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Dirty burger with duck, venison and boar recipe

'Dirty’ burgers are all the rage and Rose Prince takes them up a notch with a full-flavour mix of duck, venison and boar in home-made buns

Dirty burger

Dirty burgers

What is a ‘dirty burger’ anyway?

The ‘dirty burger’ moniker simply reflects the trend for adding a lot of fat to the meat mix. Most of it renders away during cooking and the texture of the burger is beautifully tender, with the fullest flavour imaginable. This will be even more greatly enhanced by mixing the meats — duck and venison, for example, or add wild boar if available. If using pheasant meat, increase the fat ratio.

There is plenty to do here and some may draw the line at making their own burger buns. Yet I like to make a game burger — and the bun — in an oval shape. It is fun to do and friends will declare you a genius. (Find our venison burger recipe here.)

The dough for the buns is very rich and must be properly expanded, or proved, both before and after shaping.

dirty burger buns

Once shaped and proved, the buns can be glazed sprinkled with sesame seeds

Dirty burgers made with game

BUNS Makes 12


  • 250ml milk
  • 675g strong white flour
  • 1 tsp salt
  • 115g butter, in 1cm dice
  • 7g fast-action yeast
  • 175ml lukewarm water
  • 2 eggs, beaten
  • To glaze: 1 egg yolk mixed with 1 tbsp water and a pinch of salt; black or white sesame seeds


  1. Warm the milk to hand-hot. Put the flour, salt, butter and yeast in a stand mixer with a dough hook attachment and mix on a low setting. Pour in the milk, water and eggs, then keep mixing until you have a smooth dough. It should take about five minutes.
  2. Cover the bowl with cling film. It can be left attached to the mixer. Allow it to prove for one-and-a-half hours, until the dough has risen to double the size. Remove the cling film and mix again to knock the air out of the dough.
  3. Remove the dough from the bowl. Place on a floured worktop and cut it into 10 pieces the same size (about 100g each). Roll each one into a ball, then shape into an oval. Place on a baking sheet lined with baking paper, well apart, then leave to rise again until very airy and puffed.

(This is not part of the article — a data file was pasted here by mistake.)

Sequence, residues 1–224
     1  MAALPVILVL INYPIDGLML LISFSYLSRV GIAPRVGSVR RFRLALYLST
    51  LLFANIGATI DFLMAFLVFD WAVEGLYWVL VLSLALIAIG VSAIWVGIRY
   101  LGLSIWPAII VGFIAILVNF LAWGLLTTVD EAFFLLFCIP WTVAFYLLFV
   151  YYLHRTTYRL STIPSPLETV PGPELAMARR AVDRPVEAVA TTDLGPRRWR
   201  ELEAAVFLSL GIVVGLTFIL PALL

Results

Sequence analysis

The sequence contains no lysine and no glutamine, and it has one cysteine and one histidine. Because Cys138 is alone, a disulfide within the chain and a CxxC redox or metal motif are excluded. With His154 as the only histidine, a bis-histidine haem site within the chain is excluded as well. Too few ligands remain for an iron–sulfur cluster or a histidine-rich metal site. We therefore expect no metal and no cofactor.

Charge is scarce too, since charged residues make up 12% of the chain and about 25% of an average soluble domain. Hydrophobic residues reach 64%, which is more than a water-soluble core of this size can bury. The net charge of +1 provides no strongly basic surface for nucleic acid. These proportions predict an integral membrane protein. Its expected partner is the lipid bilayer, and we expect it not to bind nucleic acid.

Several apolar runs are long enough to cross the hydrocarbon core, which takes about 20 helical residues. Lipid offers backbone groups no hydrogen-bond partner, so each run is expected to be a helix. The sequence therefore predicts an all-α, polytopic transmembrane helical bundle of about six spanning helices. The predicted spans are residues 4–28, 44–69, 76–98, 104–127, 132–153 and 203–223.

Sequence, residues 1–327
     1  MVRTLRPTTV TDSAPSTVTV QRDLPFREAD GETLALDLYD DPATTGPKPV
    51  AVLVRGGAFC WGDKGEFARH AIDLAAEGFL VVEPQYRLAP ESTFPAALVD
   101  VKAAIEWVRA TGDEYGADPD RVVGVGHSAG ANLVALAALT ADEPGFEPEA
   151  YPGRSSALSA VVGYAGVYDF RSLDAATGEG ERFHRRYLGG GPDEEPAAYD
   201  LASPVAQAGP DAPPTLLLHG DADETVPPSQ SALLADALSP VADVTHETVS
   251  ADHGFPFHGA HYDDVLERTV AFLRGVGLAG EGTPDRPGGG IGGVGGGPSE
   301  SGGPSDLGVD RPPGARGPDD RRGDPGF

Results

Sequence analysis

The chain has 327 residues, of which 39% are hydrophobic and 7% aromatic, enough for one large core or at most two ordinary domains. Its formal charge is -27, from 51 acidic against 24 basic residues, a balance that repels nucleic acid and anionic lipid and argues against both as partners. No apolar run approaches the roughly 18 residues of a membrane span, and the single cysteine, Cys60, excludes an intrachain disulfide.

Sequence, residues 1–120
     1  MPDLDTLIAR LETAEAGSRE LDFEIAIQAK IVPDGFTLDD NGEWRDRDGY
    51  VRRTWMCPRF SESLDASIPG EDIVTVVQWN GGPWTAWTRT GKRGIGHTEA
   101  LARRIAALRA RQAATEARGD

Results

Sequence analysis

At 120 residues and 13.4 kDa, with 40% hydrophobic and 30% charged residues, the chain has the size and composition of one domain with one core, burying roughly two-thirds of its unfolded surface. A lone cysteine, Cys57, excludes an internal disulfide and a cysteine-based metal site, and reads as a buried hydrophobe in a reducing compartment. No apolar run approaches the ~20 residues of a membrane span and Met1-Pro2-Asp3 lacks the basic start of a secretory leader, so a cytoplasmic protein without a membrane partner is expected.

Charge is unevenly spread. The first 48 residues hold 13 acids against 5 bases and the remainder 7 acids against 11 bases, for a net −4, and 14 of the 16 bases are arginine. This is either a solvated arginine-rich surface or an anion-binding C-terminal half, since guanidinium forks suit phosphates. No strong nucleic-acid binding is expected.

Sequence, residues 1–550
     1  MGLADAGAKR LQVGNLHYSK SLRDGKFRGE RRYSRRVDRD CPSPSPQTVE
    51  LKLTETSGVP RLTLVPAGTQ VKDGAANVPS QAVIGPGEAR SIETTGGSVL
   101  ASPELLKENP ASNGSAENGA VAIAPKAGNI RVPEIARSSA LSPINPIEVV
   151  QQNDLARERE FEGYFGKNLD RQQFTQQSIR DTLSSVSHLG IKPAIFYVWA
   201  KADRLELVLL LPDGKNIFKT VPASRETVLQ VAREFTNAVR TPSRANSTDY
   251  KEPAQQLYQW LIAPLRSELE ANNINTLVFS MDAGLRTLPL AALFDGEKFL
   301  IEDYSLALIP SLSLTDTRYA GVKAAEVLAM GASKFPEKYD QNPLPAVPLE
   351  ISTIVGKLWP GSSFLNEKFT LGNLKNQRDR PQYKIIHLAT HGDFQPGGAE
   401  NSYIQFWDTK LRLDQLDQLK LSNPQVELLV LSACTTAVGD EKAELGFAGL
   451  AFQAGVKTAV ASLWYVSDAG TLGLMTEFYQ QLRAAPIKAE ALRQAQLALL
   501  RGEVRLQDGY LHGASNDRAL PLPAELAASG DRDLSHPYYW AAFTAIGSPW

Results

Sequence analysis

4. Preheat the oven to 200°C. Brush the buns gently with the glaze and sprinkle with sesame seeds, then use a sharp knife to cut a small slit on the surface. Bake for 20 minutes or until golden and crisp. Cool on a rack. Any surplus buns will freeze well.

Dirty burgers (makes six)


  • 900g lean game meat (any cut of venison, wild boar or duck is ideal)
  • 300g beef back fat
  • 2 tsp sea salt
  • 2 tsp black pepper
  • EXTRAS: Tomato ketchup, American sweet mustard, large slices of pickle, lettuce, mayonnaise, optional gravy – a ready-made brand, such as Salsus, from
  • Side DISH: Red Slaw – A combination of thinly sliced red cabbage, radish and red apple, dressed with olive oil and sherry vinegar, plus a little red chilli and salt


  1. Put all the meat and fat through a mincer, or ask a butcher to do this. Add salt and pepper and shape into six oval patties weighing 200g each. Flatten them to a thickness of 1.5cm.
  2. To cook, heat a ridged grill pan to medium high and cook the burgers for two minutes each side. Turn and cook for about another two minutes each side, turning when you see red droplets on the surface of the patties, indicating they are medium rare. A lot of fat will render, hence the need for a ridged grill pan. Allow them to rest.
  3. Toast the inside of a cut bun on the grill (before cooking the burgers) and add a teaspoon each of the ketchup and mustard to the lower half. Place the burger on top, then some pickle slices, then the lettuce and a teaspoon of mayonnaise. Cover with the other half and serve. A truly ‘dirty’ burger can be dipped in the hot gravy.